New Innovation Advisory Board to Boost NATO Maritime Unmanned Systems Initiative
(Source: NATO; issued May 11, 2020)
A sensor buoy is taken off the Portuguese Navy survey vessel NRP Dom Carlos I during an unmanned systems exercise testing the ability of NATO Allies to integrate and share information gathered by unmanned systems in operational contexts. (NATO photo)
Participants of the NATO Maritime Unmanned Systems (MUS) initiative decided to create a new Innovation Advisory Board to address multiple challenges for developing unmanned solutions operating below, above and on the water. The NATO MUS initiative was originally launched in October 2018 by 13 Allied Defence Ministers with an ambitious agenda.

“The goal of NATO’s Maritime Unmanned Systems initiative is to accelerate the introduction of innovative unmanned solutions in the maritime domain to help maintain NATO’s technological edge” stressed the NATO Deputy Assistant Secretary General for Defence Investment Skip Davis.

Members of the Innovation Advisory Board will bring together a diverse set of backgrounds and areas of expertise from the public and private sectors, adding an important element to the MUS initiative’s work. “The newly created MUS Innovation Advisory Board is a highly promising contribution to the NATO effort, meant to leverage fresh perspectives and creative thinking from outside the defence establishment. This is a very exciting and practical example of NATO innovation in practice.” adds Skip Davis in his role as the NATO representative on the Innovation Advisory Board. The first meeting of the Innovation Advisory Board in early June will focus on how unmanned systems can most effectively be integrated across the entire spectrum of the maritime domain.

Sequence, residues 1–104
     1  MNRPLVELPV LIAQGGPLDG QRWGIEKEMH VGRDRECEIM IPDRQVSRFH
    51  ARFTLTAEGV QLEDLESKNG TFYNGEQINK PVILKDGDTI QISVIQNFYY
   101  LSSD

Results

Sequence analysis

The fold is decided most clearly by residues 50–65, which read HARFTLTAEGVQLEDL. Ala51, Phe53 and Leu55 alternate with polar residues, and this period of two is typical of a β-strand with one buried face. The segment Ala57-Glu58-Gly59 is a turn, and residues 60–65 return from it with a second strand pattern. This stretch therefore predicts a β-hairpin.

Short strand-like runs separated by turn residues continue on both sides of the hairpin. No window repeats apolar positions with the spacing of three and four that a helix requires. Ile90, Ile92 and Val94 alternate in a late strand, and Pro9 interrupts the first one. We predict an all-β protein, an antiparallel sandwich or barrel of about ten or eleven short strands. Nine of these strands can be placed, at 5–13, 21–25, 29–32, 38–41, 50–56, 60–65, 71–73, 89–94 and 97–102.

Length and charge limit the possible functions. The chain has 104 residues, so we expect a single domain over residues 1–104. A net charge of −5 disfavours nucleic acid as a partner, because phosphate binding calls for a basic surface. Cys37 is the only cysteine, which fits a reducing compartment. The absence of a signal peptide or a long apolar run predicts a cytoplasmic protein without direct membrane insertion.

At the Brussels Summit in 2018 NATO leaders reaffirmed the strategic importance of the maritime domain and the criticality of investing in new unmanned capabilities. They can complement conventional ships and serve as a force multiplier to expand the area of coverage and number of tasks Allied navies can address. Equally they offer the ability to remove military personnel from dangerous tasks such as mine clearing.

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